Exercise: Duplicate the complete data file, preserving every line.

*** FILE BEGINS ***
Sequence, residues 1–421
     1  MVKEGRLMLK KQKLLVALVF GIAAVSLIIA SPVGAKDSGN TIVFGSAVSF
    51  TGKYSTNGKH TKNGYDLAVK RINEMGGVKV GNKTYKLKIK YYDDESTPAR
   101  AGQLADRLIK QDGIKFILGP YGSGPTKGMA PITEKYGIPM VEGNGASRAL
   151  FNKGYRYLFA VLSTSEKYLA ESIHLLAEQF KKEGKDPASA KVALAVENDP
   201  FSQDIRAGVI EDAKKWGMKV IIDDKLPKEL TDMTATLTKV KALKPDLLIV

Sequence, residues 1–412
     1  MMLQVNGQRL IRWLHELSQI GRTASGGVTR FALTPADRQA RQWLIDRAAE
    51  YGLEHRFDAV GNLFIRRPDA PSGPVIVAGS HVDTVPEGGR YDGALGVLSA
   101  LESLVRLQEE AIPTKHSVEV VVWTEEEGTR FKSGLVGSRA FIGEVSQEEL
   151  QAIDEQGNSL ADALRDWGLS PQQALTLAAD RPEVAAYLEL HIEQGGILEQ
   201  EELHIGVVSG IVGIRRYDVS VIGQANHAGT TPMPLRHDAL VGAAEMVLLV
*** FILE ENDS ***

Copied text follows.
Sequence, residues 1–421
     1  MVKEGRLMLK KQKLLVALVF GIAAVSLIIA SPVGAKDSGN TIVFGSAVSF
    51  TGKYSTNGKH TKNGYDLAVK RINEMGGVKV GNKTYKLKIK YYDDESTPAR
   101  AGQLADRLIK QDGIKFILGP YGSGPTKGMA PITEKYGIPM VEGNGASRAL
   151  FNKGYRYLFA VLSTSEKYLA ESIHLLAEQF KKEGKDPASA KVALAVENDP
   201  FSQDIRAGVI EDAKKWGMKV IIDDKLPKEL TDMTATLTKV KALKPDLLIV

Sequence, residues 1–412
     1  MMLQVNGQRL IRWLHELSQI GRTASGGVTR FALTPADRQA RQWLIDRAAE
    51  YGLEHRFDAV GNLFIRRPDA PSGPVIVAGS HVDTVPEGGR YDGALGVLSA
   101  LESLVRLQEE AIPTKHSVEV VVWTEEEGTR FKSGLVGSRA FIGEVSQEEL
   151  QAIDEQGNSL ADALRDWGLS PQQALTLAAD RPEVAAYLEL HIEQGGILEQ
   201  EELHIGVVSG IVGIRRYDVS VIGQANHAGT TPMPLRHDAL VGAAEMVLLV